Some progress has been made - but needlepoint is slow, and this is on 18 mesh canvas, which is my preference. Gail put the beads on, and they furnish enough sparkle - like little colorful droplets of water - so I don't think she needs anything else sparkly. Instead, I have chosen to use Ribbon Floss for shine, as on her scales. The patterned green areas were stitched with Splendor silk for the grid, and Neon Rays for the Scotch stitch, as it has a lovely shine.

I put "bump" stitches on her mermaid "dress" to differentiate texture between that and the green areas. The close-up illustrates the little smyrna crosses I like to use on this sort of design, as it gives a bit of extra texture without overwhelming the whole picture.

The lines point to the "bumps" and to the areas where there are configurations of four stitches square - perfect for inserting Smyrnas. I haven't figured out how to put arrows where I want them, so these lines also point to her "shells" and her yellow hair. Disregard that, and look at the other end of the line.

This canvas is so pretty in it's entirety as a two dimensional painting, it's almost a shame to use it as a rollie - but the rollie will look sooo fine on a stand, as does the peacock! (see this on Gail's blog) Also, for another treat, see her web page here!

Wednesday, November 05, 2008

Design Source - Pueblo Pottery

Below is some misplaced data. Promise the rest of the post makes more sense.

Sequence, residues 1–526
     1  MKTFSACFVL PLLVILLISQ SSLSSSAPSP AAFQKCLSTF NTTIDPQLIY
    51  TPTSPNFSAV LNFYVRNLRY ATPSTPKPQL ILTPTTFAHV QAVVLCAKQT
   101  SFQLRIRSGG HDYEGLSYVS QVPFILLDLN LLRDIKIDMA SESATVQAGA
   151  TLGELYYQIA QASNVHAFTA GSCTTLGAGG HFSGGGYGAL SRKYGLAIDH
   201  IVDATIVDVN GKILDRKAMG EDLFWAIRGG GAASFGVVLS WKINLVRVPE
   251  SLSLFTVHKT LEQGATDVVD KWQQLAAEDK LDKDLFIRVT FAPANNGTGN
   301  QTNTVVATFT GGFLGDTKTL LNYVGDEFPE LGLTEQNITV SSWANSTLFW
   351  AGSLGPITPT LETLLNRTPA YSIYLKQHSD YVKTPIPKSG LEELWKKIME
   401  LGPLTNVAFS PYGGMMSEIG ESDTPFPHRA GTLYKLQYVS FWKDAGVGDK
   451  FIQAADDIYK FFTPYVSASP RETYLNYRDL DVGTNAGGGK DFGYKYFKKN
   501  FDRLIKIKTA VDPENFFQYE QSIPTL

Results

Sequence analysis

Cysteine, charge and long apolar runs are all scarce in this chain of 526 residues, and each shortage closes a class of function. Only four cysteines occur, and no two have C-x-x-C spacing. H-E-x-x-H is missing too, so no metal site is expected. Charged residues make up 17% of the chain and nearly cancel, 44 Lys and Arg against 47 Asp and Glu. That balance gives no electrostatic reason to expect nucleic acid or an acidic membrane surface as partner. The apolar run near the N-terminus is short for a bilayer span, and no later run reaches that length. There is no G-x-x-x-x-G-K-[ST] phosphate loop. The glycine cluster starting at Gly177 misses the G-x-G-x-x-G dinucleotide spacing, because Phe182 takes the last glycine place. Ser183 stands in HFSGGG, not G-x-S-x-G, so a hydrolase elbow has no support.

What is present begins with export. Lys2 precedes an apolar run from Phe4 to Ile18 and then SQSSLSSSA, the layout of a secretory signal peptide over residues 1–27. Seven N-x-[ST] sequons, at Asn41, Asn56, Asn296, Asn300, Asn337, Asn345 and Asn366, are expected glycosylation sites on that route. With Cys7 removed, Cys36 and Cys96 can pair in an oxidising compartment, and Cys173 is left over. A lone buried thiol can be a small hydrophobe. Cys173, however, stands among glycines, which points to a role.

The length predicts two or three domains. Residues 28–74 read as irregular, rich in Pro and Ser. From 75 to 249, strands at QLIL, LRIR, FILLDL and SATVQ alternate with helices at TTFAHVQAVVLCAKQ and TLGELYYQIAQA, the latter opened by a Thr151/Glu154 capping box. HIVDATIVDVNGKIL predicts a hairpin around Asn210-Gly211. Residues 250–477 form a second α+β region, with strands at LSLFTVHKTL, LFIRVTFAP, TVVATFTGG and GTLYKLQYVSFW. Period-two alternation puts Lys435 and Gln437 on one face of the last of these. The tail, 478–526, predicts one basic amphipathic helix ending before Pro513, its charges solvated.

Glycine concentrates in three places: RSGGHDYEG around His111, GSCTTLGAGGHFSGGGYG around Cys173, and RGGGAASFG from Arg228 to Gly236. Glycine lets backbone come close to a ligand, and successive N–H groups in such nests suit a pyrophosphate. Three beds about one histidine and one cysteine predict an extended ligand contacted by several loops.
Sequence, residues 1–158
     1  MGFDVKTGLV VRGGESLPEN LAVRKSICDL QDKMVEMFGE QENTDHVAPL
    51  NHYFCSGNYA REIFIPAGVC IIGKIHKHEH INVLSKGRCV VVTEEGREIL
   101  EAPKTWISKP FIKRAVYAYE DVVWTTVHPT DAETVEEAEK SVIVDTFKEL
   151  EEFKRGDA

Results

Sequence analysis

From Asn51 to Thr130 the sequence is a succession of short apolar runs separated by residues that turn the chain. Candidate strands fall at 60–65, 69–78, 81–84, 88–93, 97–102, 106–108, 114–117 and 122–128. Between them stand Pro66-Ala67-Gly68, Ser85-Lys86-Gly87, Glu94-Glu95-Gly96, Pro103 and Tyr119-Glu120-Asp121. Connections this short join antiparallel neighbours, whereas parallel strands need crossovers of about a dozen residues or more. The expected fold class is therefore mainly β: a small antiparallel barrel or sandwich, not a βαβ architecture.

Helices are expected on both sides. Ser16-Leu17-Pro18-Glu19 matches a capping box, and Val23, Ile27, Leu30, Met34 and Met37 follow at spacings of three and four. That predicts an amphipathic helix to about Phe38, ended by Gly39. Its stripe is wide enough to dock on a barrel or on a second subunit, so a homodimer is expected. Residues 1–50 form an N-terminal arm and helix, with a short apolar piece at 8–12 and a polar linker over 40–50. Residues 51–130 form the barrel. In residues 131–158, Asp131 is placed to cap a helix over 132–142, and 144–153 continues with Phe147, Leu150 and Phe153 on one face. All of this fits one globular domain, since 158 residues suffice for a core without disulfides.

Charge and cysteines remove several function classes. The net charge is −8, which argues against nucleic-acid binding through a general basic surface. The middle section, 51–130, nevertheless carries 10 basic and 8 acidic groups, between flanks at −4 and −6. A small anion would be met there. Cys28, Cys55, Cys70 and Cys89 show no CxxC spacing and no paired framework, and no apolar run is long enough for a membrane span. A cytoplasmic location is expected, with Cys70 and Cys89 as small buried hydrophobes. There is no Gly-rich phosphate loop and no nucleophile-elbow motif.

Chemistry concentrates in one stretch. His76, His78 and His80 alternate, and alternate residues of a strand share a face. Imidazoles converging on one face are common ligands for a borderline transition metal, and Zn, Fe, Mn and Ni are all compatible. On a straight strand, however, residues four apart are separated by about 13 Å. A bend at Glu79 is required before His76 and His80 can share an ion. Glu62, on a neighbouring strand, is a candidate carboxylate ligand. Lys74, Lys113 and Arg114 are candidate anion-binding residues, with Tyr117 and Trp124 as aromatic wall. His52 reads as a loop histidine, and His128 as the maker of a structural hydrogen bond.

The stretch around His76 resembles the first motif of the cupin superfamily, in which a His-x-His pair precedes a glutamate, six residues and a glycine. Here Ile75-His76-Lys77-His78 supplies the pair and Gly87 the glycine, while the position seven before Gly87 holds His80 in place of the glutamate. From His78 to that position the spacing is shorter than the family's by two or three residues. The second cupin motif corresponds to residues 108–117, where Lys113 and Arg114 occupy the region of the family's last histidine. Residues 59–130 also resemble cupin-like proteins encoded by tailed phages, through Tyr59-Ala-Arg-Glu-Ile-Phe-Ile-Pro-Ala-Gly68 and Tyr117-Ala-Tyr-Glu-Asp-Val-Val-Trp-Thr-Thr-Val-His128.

Actually, the "design source" here is Anne Stradal of ABS Designs. (click here to see her online catalog). I have loved this pottery since I was a small child vacationing in Arizona and New Mexico with my parents - so begged her for several of her small ornaments to stitch. I thought beads would do justice to these simple, elegant geometrics - but couldn't find exactly the terra cotta color I thought I had to have. However, the one I used works well, I think, now that I have several patches done. (Sundance beads, as always) The black beads don't show up well in the pictures - but they look great! I didn't use hexagonal beads, as I didn't want "glitter" on pottery.

The white is solid, and without beads - Splendor #802. I will later go ahead and make 3 rows of stitching around it, as I have started on the second one. I was tired when I drew the extra stitches, and made a mess on the upper left side - but it won't show, as I have planned to have each one framed individually, using an ultra suede mat, and having the ornament slightly padded - which is why I added the extra rows.

There are clear beads on the reddish background, applied with Anchor floss in the same color as the silk - so the beads are not conspicuous, and don't interfere with the design. When you click to enlarge the picture, you will see that I marked the stitches for placement of beads to make it not confusing. (meaning I don't have to think as I stitch) I thought they needed to be there to relieve a rather plain area. The white is solid, again, as just background.

I chose a Soie Cristale (Caron) color that isn't as bright as it is painted, although the paint color is true to the actual pottery of this pueblo. I plan to use them close together on a wall, and wanted the terra cotta color and this one to blend well.

Now - off to bed to read my new books on "Acoma to Zuni" pottery - and also Zuni Rainbird designs. They have just arrived from Amazon, and I look forward to yet another fascinating learning experience about symbolism, slips, methods of construction and firing, etc., and differences in style among the various pueblos.

Sunday, November 02, 2008

The Joy of the Painted Canvas!